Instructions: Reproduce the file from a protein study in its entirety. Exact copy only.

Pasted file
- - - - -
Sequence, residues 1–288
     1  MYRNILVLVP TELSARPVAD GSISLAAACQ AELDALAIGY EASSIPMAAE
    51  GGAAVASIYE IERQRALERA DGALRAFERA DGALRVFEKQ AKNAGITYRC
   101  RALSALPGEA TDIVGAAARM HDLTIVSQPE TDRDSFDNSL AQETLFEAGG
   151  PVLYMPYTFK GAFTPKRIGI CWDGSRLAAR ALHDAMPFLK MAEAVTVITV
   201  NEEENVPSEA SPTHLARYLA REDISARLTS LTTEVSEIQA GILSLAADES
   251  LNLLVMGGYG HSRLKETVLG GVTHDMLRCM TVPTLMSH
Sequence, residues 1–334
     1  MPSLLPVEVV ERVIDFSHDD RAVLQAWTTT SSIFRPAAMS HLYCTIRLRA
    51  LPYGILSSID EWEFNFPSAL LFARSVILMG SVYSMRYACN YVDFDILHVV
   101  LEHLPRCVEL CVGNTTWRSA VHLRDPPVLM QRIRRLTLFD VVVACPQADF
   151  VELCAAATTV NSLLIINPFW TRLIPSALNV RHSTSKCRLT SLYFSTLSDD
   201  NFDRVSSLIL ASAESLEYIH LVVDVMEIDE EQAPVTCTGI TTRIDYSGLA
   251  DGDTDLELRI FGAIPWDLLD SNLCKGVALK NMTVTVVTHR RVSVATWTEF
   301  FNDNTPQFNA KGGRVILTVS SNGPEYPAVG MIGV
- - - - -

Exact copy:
Sequence, residues 1–288
     1  MYRNILVLVP TELSARPVAD GSISLAAACQ AELDALAIGY EASSIPMAAE
    51  GGAAVASIYE IERQRALERA DGALRAFERA DGALRVFEKQ AKNAGITYRC
   101  RALSALPGEA TDIVGAAARM HDLTIVSQPE TDRDSFDNSL AQETLFEAGG
   151  PVLYMPYTFK GAFTPKRIGI CWDGSRLAAR ALHDAMPFLK MAEAVTVITV
   201  NEEENVPSEA SPTHLARYLA REDISARLTS LTTEVSEIQA GILSLAADES
   251  LNLLVMGGYG HSRLKETVLG GVTHDMLRCM TVPTLMSH
Sequence, residues 1–334
     1  MPSLLPVEVV ERVIDFSHDD RAVLQAWTTT SSIFRPAAMS HLYCTIRLRA
    51  LPYGILSSID EWEFNFPSAL LFARSVILMG SVYSMRYACN YVDFDILHVV
   101  LEHLPRCVEL CVGNTTWRSA VHLRDPPVLM QRIRRLTLFD VVVACPQADF
   151  VELCAAATTV NSLLIINPFW TRLIPSALNV RHSTSKCRLT SLYFSTLSDD
   201  NFDRVSSLIL ASAESLEYIH LVVDVMEIDE EQAPVTCTGI TTRIDYSGLA
   251  DGDTDLELRI FGAIPWDLLD SNLCKGVALK NMTVTVVTHR RVSVATWTEF
   301  FNDNTPQFNA KGGRVILTVS SNGPEYPAVG MIGV